According to FDA reports the device in question is the Pentax ED-3490TK, a video-supported duodenoscope suspected of becoming compromised due to cracks or gaps in the adhesive seals, increasing the likelihood that fluids, microbes or anything else that could potentially foster infection could break through and pose a health risk. The FDA went on to say that the video tube is a challenge to clean and disinfect properly.
Thus, the increased concern for risk of infection.
Seals can, and have proven to be an Achilles’ heel for many devices and incidents. On the space Shuttle Challenger, for example, the tragic 1986 explosion was traced to a failed O-ring, or seal, on one of the solid rocket boosters. The seal had been compromised by the cold prior to launch, and the failed seal allowed heat and hot gasses to reach the fuel tank.
In the case of the Pentax product, an ill-fitting adhesive seal can allow bodily fluids potentially carrying infection to come into contact with an area of the duodenoscope that is tricky to clean.
As endoscopes and duodenoscopes are re-used between patients, any infection from a previous patient not effectively eradicated from the device has the potential to be passed along to the subsequent patient, along with the risk of infection. Many an endoscope lawsuit has emerged from endoscopes and duodenoscopes suspected of having design flaws. In 2015 Pentax was one of a handful of medical device manufacturers accused of playing a role in a deadly string of outbreaks involving so-called ‘superbugs’ that hit a collection of hospitals.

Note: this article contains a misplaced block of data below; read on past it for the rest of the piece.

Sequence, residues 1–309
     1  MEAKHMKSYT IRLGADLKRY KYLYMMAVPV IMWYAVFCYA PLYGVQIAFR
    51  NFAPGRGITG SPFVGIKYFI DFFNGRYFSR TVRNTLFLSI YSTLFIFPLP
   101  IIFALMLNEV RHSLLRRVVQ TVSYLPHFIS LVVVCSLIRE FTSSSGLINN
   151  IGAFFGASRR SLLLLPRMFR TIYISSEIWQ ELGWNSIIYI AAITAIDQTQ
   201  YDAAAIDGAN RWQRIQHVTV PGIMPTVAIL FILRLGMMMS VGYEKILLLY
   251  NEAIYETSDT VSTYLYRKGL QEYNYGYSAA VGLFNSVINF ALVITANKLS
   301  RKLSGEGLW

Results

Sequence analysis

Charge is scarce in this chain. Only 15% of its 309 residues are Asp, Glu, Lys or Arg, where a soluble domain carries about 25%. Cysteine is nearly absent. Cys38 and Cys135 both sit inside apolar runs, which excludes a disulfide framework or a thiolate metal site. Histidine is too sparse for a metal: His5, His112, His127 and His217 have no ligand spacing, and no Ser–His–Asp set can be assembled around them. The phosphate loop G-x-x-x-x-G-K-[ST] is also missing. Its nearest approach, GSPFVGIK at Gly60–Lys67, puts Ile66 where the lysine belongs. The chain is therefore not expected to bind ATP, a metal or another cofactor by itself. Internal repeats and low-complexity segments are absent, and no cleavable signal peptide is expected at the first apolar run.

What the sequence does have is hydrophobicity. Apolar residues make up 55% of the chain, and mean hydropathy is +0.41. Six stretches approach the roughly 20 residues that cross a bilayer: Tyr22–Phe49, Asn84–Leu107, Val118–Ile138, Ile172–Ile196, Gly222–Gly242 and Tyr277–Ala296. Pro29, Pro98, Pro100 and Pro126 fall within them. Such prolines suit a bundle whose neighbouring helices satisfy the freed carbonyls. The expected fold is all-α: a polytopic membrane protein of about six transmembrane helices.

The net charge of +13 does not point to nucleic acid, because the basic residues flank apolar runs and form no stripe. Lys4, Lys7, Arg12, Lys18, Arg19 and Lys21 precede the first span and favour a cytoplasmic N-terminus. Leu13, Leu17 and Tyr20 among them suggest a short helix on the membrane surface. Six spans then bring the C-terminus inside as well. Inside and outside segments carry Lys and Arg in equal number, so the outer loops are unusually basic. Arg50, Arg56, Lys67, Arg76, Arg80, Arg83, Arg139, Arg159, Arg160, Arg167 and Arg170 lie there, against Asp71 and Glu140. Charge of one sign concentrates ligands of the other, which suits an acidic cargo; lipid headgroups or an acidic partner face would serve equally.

Pentax, in response to the FDA directive released in January, released a statement that said “Pentax is working closely with the FDA to further evaluate and mitigate the potential risk of infection associated with leakage, if leakage were to occur, into or out of the distal cap area.”
The focus of the FDA communique in January remained primarily with the cleaning aspect of endoscope and duodenoscope use, including a caution that technicians and hospital staff should refrain from attempting to clean and disinfect duodenoscopes by hand, giving preference to the use of an automated cleaning machine.
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A damning US Senate report released in January, 2016 noted that Pentax was amongst manufacturers found to have failed to meet regulatory requirements. Pentax was taken to task for failing to prove that its cleaning instructions were effective on a consistent basis.
However, the FDA itself did not escape the wrath carried in the US Senate report. The report authors concluded the FDA knew in September, 2013 that there were concerns with duodenoscopes, but did not alert the public until 17 months later.
A fact not lost on any plaintiff bringing an endoscope negligence lawsuit